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Optogenetics Shapes Tissue to Reconstruct Epithelial Folding

Photonics.com
Jun 2018
HEIDELBERG, Germany, June 19, 2018 — Using optogenetics, researchers have guided the folding and shaping (morphogenesis) of tissues and cells that otherwise would not undergo this process.

Constructing new tissue shapes with light, EMBL.
Three examples of the tissue shapes created by the team at the European Molecular Biology Laboratory. The black-and-white square, circle, and triangle on the left correspond to the cells that were illuminated. On the right, three fruit fly embryos are shown in cyan, magenta, and yellow, demonstrating how the illuminated cells folded inwards after the light activation. Courtesy of Stefano De Renzis, EMBL.

Researchers at the European Molecular Biology Laboratory (EMBL) used precise light-mediated control of protein activity in biological tissues to reconstruct epithelial folding in embryonic Drosophila tissues. Epithelial folding is a developmental process where cells move inward and fold into the embryo, eventually giving rise to internal tissues like muscles.

“The great thing about using optogenetics to guide morphogenesis is that it is a very precise technique," said researcher Emiliano Izquierdo. "We were able to define various shapes, and by alternating the timing and strength of illumination, we could control how far the cells folded inwards.”  

For its experiment, the team used cells that do not normally undergo the process of epithelial folding.

“We’ve uncoupled the link between the shape and function of the cell," said research leader Stefano De Renzis. "This allows us to, for the first time, build tissues in certain shapes without affecting the cell’s expertise.”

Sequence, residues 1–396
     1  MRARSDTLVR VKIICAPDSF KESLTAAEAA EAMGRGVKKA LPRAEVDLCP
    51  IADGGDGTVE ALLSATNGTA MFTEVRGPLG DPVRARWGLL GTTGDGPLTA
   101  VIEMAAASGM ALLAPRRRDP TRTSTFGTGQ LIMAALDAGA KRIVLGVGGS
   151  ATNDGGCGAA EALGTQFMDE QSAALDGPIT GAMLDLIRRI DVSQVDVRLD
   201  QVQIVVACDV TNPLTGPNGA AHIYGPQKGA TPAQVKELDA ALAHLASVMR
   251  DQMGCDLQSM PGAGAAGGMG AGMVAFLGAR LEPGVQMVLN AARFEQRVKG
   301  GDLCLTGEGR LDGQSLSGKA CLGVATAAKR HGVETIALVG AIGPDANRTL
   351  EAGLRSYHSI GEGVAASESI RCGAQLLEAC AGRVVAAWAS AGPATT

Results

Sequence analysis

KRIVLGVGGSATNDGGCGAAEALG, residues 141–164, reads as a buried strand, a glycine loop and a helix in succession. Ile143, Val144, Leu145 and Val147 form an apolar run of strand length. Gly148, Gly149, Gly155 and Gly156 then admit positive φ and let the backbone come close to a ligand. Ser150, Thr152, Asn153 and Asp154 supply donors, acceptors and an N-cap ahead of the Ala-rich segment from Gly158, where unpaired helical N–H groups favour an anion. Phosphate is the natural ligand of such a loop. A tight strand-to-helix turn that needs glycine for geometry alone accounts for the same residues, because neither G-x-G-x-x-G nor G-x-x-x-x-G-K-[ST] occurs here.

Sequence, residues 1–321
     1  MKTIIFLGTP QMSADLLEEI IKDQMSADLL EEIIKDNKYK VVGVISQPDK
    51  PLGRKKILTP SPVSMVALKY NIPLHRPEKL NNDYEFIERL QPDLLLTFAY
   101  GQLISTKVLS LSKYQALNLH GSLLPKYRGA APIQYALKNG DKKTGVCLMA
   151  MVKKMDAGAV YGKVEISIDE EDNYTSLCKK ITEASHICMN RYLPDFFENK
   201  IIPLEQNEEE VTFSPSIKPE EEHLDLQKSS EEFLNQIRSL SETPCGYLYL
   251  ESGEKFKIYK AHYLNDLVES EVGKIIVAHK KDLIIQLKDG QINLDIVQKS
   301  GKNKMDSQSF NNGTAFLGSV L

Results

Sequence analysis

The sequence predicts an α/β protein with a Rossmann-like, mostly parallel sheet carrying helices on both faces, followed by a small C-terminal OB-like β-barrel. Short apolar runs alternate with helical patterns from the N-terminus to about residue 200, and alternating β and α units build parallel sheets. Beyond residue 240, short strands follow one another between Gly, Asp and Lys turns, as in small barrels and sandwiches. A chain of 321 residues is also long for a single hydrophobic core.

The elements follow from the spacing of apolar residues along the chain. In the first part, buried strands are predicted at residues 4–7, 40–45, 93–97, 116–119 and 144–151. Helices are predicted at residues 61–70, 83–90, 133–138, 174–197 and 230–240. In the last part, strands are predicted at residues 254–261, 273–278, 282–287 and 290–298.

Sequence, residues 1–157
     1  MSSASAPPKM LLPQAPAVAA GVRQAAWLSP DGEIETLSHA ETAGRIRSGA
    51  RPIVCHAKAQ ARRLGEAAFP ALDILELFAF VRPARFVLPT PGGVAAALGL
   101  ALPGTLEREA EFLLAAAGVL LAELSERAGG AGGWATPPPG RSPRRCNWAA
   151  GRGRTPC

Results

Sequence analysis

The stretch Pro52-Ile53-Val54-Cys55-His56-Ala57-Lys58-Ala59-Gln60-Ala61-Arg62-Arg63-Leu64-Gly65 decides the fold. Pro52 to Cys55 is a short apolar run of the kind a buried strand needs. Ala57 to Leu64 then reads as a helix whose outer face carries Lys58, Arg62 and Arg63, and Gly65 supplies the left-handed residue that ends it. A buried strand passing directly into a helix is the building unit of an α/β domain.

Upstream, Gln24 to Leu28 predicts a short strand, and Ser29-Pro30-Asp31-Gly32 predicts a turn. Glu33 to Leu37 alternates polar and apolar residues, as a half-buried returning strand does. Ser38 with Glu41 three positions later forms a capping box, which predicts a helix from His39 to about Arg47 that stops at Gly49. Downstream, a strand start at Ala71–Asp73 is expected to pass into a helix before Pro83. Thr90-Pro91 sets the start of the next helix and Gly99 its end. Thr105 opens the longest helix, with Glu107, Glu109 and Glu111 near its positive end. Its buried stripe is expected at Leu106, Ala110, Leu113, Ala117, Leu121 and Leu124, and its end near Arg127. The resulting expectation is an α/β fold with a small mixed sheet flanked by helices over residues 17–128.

Constructing new tissue shapes with light, EMBL.
Example of optogenetics-guided tissue folding. Embryo 10 min after illumination (top panel), and one 13 min after (bottom panel). Light-activated cells have folded inward and thus moved downward, creating a furrow. Courtesy of Stefano De Renzis, EMBL.

The experiment was done in developing fruit flies, but since epithelial folding is a conserved process across evolution, De Renzis believes that the methods used in the EMBL experiment could be applicable in other organisms and ex vivo stem cell culture systems.

Results of the research show that it is possible to apply concepts of synthetic biology (e.g., precise orthogonal control over signaling pathways, guided cell behavior) to the field of tissue morphogenesis.

Normally, tissue differentiation and tissue shape are closely linked, but the researchers showed that it is possible to use optogenetics to direct tissue shape without interfering with gene regulatory networks and tissue-differentiation programs. This could have implications for tissue engineering, where it could be useful to shape any given tissue of interest without changing its fate.

The research was published in Nature Communications (doi:10.1038/s41467-018-04754-z). 


Optogenetics: principles and approaches. Courtesy of EMBL.


GLOSSARY
optogenetics
A discipline that combines optics and genetics to enable the use of light to stimulate and control cells in living tissue, typically neurons, which have been genetically modified to respond to light. Only the cells that have been modified to include light-sensitive proteins will be under control of the light. The ability to selectively target cells gives researchers precise control. Using light to control the excitation, inhibition and signaling pathways of specific cells or groups of...
Research & TechnologyEuropelight sourcesoptogeneticsmedicineregenerative medicinebioengineeringBiophotonicsmedicalEMBLEuropean Molecular Biology LaboratoryStefano De Renzis

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